17. We are unable to accept this submission. Section 4 of the Indian Partnership Act lays down that partnership is a relationship between persons who have agreed to share the profits of a business carried on by all or any of them acting for all. Even if one partner carries on a business acting for all it will still be described as the business of the firm. The provision that a firm shall do the business of excise contract which may be taken in the name of any person or persons merely means that the business which is carried on on the basis of the excise contract would be the business of the firm and that the profits of the business will be shared by all the partners. The agreement cannot be interpreted to mean that the business will be carried on by the firm or the licensee in contravention of the terms of licence and that such partners who were not authorised to sell liquor would become entitled to sell it. Act of carrying on the business in liquor consists of several activities like procuring liquor, stocking and selling it, maintaining accounts, managing the staff, etc. Sale of liquor is one of the activities which goes to constitute the entire activity of carrying on business in liquor. Section 21 of the Excise Act merely requires that no intoxicant shall be sold without a licence from the Collector. There is nothing in the Excise Act which prohibits the carrying on of other business activity in connection with the business of liquor without a licence. If a person enters into a partnership in connection with the excise business it does not necessarily mean that he claims a right to sell liquor. In such a case all that he claims is to participate in the business of country liquor in the manner permissible under the law. In other words he may participate in the excise contract business by writing accounts and maintaining them without participating in the activity of sale as long as he does not possess a licence to carry on this part of business activity. However, if his name is entered in the licence as a salesman he may as well participate in the sale of liquor.
18. The partnership agreement does not, by virtue of Section 12 of the Indian Partnership Act, vest the non-licensee to carry on the activity of sale of intoxicant without obtaining a licence. Section 12 provides that unless there be a contract to the contrary every partner has a right to take part in the conduct of the business of the firm. This section nowhere lays down that the contract to the contrary has got to be in express terms and that such a contract cannot be inferred from the general tenor of the agreement. Whenever there is an agreement between the parties that a business activity will be carried on by them acting for all, it necessarily implies an agreement that the business activity would be done in a lawful manner. In the circumstances, in the instant case, when the various partners agreed to carry on the business of excise contract on the basis of a licence standing in the names of some of the partners it necessarily implied an agreement or a contract to the effect that the sale of liquor will be carried on by the partners on behalf of all the partners in accordance with law, i.e., the activity of sale would be carried on only by such partners in whose names the licence stood or whose names were incorporated in the licence as salesmen. The terms of the partnership deed do not show that the intention of the partners was that the activity of sale of country liquor should be conducted by persons other than those in whose names the licence had been issued. We, accordingly, reject the argument of learned counsel for the revenue based on Section 12 of the Partnership Act.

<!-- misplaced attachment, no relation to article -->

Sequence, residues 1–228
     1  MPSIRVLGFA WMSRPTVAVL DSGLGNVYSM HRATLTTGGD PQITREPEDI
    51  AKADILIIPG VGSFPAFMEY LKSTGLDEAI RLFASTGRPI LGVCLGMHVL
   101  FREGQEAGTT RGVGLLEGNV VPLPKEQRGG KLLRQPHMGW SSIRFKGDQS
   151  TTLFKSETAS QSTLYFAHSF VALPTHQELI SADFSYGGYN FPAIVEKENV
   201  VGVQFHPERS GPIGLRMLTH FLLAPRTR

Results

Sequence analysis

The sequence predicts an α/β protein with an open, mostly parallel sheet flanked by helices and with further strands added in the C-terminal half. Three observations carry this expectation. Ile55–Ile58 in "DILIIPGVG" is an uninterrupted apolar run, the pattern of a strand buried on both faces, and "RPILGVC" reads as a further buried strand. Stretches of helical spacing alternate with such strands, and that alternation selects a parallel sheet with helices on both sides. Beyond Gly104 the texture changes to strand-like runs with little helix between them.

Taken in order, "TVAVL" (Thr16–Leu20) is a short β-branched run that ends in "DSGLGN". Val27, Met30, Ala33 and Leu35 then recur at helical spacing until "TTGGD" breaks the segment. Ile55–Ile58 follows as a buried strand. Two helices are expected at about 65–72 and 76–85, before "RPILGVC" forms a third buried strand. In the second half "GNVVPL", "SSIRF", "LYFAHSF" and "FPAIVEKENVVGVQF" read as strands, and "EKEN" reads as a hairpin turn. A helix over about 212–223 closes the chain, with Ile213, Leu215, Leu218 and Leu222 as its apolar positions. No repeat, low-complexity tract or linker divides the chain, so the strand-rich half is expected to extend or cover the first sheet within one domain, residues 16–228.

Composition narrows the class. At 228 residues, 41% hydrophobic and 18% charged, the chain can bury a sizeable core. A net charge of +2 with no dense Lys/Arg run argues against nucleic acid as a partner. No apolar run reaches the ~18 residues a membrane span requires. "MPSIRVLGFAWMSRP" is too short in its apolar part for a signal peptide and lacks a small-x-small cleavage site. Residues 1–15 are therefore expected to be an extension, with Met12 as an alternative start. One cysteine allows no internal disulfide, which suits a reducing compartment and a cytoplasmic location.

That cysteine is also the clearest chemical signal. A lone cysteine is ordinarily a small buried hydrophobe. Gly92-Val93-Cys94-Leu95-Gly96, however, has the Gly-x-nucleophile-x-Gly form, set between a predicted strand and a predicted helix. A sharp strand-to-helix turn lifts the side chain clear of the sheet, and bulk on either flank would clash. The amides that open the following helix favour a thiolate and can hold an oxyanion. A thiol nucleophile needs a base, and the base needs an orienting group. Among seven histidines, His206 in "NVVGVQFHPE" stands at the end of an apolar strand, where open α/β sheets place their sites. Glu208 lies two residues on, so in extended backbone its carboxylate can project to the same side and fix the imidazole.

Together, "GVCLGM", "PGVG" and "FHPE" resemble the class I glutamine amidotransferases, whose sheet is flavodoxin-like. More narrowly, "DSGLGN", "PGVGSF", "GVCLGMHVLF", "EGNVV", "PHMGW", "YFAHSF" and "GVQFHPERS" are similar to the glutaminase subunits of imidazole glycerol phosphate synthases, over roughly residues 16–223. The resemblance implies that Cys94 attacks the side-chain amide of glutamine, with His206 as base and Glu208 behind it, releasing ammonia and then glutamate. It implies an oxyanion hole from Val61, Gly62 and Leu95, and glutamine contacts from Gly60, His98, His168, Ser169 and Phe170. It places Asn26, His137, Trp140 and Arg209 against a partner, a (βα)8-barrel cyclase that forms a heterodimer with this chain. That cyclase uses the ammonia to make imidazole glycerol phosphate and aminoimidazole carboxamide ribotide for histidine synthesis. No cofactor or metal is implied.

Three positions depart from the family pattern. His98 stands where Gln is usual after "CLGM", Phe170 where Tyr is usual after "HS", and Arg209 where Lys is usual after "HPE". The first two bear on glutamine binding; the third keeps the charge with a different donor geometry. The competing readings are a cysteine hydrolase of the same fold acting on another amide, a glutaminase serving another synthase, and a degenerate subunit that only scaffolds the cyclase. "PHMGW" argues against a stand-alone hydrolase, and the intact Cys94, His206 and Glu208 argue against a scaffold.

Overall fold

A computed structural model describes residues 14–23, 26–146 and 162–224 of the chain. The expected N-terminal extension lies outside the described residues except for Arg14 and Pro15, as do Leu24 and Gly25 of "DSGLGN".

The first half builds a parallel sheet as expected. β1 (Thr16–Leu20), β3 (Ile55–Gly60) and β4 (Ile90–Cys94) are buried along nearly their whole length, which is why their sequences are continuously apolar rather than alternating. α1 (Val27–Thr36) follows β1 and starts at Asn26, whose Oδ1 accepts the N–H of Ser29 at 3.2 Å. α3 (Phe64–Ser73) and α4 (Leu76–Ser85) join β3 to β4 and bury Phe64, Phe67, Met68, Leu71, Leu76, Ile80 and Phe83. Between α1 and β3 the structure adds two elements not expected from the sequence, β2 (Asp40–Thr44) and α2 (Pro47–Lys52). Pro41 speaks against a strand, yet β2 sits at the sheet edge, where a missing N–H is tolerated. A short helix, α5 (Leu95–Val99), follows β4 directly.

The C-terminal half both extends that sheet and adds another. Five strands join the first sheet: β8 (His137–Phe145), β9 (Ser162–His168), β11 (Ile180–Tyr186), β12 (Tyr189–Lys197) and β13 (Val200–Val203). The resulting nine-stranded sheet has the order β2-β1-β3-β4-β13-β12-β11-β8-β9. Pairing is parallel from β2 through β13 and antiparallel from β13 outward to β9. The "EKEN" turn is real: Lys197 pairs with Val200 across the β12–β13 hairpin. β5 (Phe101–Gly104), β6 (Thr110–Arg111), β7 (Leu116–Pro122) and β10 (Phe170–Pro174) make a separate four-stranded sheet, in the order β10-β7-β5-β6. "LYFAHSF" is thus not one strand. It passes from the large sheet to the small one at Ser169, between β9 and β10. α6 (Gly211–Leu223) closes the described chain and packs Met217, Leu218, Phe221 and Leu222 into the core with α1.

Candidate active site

19. Decisions of the Patna High Court in the cases of Commissioner of Income-tax v. Prakash Ram Gupta : 72ITR366(Patna) and Mohd. Warasat Hussain v. Commissioner of Income-ta : 82ITR718(Patna) also support the aforesaid view taken by us. In these cases it has been held that in a case where a licensee enters into a partnership with a non-licensee mere formation of partnership does not amount to transfer of the licence.
20. Argument of the learned counsel for the revenue that formation of a partnership in respect of liquor licence, without obtaining the prior approval of the Excise Commissioner is invalid and that in no case can a firm having more than two partners be constituted, is based on the provisions of paragraph 337 of the U. P. Excise Manual which according to him are statutory rules. This position is seriously disputed by the learned counsel for the firm, who contends that the provisions of paragraph 337 of the U. P. Excise Manual are merely executive instructions addressed to departmental officers and cannot be equated with law. He contends that there is no prohibition in law against a licensee entering into a partnership in connection with an activity covered by the licence. Such a partnership cannot be said to be illegal specially in a case where it has been entered into in the knowledge of the excise authorities and with their tacit consent.
21. Volume 1 of the U. P. Excise Manual is a compilation of the excise laws, rules and executive instructions. It has been divided into two parts. The first part reproduces the U. P. Excise Act (Act IV of 1910), together with some other enactments and their extracts. The second part has been divided into various chapters dealing with all aspects of the excise administration. In this part the letters and the instructions issued by respective authorities have been tabulated in the form of paragraphs so that one may get a clear picture about the administration and working of the excise department in the State. It also contains other incidental and connected information. As against several of these paragraphs the source which formed the basis for the information contained therein has also been stated. All the paragraphs of volume II of the Excise Manual cannot be equated with rules framed by the relevant rule making authority under the provisions of the U. P. Excise Act. Some of these paragraphs may be based on actual rules framed under the Act whereas some others may merely be executive instructions issued by relevant authorities from time to time. Some of the paragraphs may merely convey incidental or factual information which does not flow either from a law, rule or executive instructions. While considering the implication of what is contained in a particular paragraph of the Manual the source on the basis of which the facts mentioned in that paragraph have been stated will have to be traced. Opposite paragraph 334 of the Manual the source of the statement contained in that paragraph has been stated as Excise Commissioner's letter No. 8473/ X-220 dated February 1, 1928. Similarly, the source for the statement contained in paragraph 337(2) is stated to be the Excise Commissioner's order No. 1864/IX-2971.